Dow plummets
83 points

The technology-laden Nasdaq
stock market flirted with disaster

Star-Bulletin news services



NEW YORK - Stocks tumbled sharply today as investor jitters about weak corporate profits were aggravated by dire outlooks from leading companies in the computer and health care industries.

The Dow Jones industrial average fell 83.11 points, nearly 1.5 percent, to close at 5,520.54. The blue-chip index earlier in the day had plunged as low as 133 points to fall below 5,500 for the first time since early May.

Today's drop followed a 115-point drop Friday. The Dow has lost nearly 5 percent off the high of 5,778 it set May 22 - a 258-point decline.

"A great deal of damage has been done, and it is going to take a great period of time to rebuild," said Ralph Bloch, chief market analyst at Raymond James & Associates in St. Petersburg, Fla. "For the first time since December 1994, when this run really got going, people are showing bad losses in their holdings."

The technology-laden Nasdaq stock market flirted with its worst day since the stock market crash of October 1987.

"There's been a real disturbance in the Nasdaq," said David Shulman, market strategist at Salomon Brothers. "It started with the smaller technology names, but now it's spread to the bigger technology names, including some of the ones that were previously invulnerable."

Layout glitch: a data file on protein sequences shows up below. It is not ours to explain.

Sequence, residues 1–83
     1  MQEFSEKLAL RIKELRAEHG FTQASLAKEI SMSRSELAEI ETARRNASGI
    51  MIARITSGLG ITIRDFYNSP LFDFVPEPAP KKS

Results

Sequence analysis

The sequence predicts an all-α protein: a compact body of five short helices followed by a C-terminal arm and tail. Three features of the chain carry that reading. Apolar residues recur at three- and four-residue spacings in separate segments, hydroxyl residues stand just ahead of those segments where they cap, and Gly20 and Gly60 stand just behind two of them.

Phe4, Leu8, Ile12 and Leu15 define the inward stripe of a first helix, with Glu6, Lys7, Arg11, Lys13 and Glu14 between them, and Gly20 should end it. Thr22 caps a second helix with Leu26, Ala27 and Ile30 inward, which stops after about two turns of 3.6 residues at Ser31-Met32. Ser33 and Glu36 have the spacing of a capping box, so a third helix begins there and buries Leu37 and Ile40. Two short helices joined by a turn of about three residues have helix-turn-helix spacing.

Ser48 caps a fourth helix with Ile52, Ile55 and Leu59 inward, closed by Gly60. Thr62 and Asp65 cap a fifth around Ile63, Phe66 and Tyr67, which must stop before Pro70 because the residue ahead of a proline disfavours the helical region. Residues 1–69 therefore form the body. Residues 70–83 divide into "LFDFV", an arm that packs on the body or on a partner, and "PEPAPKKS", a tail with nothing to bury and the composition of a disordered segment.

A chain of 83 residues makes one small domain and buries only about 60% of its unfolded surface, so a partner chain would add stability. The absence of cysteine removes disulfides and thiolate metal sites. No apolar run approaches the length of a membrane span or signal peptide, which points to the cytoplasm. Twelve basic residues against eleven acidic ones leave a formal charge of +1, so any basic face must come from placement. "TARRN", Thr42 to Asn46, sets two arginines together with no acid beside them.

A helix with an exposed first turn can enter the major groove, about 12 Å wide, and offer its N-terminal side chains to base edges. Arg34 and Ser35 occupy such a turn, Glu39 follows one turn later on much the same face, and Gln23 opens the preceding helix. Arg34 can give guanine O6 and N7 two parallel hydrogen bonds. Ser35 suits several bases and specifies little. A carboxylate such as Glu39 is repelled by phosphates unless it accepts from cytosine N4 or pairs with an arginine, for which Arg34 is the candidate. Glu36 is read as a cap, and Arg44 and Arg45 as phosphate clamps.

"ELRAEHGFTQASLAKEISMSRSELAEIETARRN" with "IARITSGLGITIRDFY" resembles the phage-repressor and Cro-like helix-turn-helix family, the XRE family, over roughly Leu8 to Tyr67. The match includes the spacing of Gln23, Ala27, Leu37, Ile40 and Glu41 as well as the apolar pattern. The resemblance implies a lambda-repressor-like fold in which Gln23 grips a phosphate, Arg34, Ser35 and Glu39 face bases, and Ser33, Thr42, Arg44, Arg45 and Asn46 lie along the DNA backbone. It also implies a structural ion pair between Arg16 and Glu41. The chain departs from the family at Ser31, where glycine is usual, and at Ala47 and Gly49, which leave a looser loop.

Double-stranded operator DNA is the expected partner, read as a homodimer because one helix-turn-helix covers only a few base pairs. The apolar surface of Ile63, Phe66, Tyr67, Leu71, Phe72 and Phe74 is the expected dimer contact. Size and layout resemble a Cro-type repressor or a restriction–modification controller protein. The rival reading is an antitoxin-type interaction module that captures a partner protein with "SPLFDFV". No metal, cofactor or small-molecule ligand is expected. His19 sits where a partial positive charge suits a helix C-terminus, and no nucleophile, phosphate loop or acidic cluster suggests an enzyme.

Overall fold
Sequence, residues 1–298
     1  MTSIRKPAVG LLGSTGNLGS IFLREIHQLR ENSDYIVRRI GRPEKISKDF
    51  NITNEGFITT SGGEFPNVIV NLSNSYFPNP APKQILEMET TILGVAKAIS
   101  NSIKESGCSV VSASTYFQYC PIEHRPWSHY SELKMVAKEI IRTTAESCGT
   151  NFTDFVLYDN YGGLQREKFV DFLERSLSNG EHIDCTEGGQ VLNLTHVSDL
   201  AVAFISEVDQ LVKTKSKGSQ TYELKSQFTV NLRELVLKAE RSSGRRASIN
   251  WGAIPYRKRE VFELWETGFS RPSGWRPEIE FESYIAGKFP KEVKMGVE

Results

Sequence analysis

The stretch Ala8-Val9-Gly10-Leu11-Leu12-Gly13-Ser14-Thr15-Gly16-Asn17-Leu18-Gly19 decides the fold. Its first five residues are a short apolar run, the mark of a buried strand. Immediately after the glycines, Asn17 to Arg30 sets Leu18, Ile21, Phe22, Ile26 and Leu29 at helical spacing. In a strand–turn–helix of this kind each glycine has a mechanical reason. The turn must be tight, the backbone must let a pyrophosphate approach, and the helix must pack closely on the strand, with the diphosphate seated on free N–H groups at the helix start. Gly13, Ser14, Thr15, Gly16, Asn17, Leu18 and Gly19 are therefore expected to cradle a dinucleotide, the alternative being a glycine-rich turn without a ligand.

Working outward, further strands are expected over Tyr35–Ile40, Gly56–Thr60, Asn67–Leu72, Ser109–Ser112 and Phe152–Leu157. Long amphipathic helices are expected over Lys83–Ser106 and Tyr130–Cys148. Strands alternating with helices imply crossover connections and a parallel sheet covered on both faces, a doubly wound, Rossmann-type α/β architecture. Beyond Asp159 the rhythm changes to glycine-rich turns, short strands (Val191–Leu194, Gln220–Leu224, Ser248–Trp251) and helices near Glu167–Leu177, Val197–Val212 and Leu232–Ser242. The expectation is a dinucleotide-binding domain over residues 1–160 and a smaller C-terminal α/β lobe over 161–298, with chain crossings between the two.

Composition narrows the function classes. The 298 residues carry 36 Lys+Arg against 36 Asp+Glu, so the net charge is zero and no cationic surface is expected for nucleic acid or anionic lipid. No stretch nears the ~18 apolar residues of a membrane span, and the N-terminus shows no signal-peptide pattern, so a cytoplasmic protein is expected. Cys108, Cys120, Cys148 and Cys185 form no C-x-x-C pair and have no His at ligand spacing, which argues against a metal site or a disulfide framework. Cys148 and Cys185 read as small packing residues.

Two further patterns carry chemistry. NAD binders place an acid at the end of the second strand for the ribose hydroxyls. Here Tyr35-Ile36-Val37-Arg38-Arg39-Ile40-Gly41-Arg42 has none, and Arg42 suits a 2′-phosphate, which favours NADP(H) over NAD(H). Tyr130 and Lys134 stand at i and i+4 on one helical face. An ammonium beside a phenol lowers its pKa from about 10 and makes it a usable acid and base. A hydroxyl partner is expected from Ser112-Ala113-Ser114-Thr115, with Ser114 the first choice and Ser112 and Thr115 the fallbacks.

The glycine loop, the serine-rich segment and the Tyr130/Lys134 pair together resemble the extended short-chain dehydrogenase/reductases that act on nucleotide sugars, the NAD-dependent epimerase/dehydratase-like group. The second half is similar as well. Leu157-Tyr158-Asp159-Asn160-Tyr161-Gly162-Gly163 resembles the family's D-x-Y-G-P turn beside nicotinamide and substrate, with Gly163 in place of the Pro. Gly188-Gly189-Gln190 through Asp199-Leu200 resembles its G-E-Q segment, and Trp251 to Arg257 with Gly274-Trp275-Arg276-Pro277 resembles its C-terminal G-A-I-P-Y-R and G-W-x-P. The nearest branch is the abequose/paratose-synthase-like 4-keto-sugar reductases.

Investors' recent concerns over disappointing second-quarter corporate profits intensified after reports by Hewlett-Packard Co. and United Healthcare Corp. that business hasn't been as robust as expected. The downbeat assessments hurt shares in many computer and health companies.

The Nasdaq composite index has fallen 142 points in less than five weeks, and has lost nearly 11 percent off its high of 1,249, it's closing mark on June 5. The index was down 46.70 at one point this afternoon, which would have exceeded the index's biggest one-day point drop for a full session - a 46.12-point plunge in Oct. 19, 1987.

However, the Nasdaq index recovered somewhat to close down 34.58 points, or 3 percent, at 1,106.61.

Other broad market measures fell sharply too, but improved from the day's lows as investors searched for bargains.

The New York Stock Exchange's index fell 5.11 to 346.64; the Standard & Poor's 500-stock index dropped 10.39 to 645.67; and the American Stock Exchange index fell 12.72 to 549.09.

Among NYSE issues, decliners led advancers by nearly four to one, with 529 up, 2,021 down, and 643 were unchanged. NYSE volume totaled 516.46 million shares, vs. 421.31 million yesterday.

Shares of Hewlett-Packard plummeted $10.62-1/2 to $78.37-1/2. H-P said orders have slowed for many of its products and that it will quit the disk-drive business.

That caused shares of other high-technology companies such as Compaq Computer Corp. and America Online Inc. to decline.

United Healthcare shares sank $13.25 to $31 after it said earnings wouldn't meet analysts' forecasts. Health stocks suffered as a result.

Investors selling shares looked for safety in the bond market. U.S. bonds were little changed as investors pondered whether the Federal Reserve will raise interest rates. The benchmark 30-year Treasury bond rose 1/4 point, or $2.50 per $1,000 bond, yielding 7.05 percent.



Bloomberg Business News and
the Associated Press contributed to this report.




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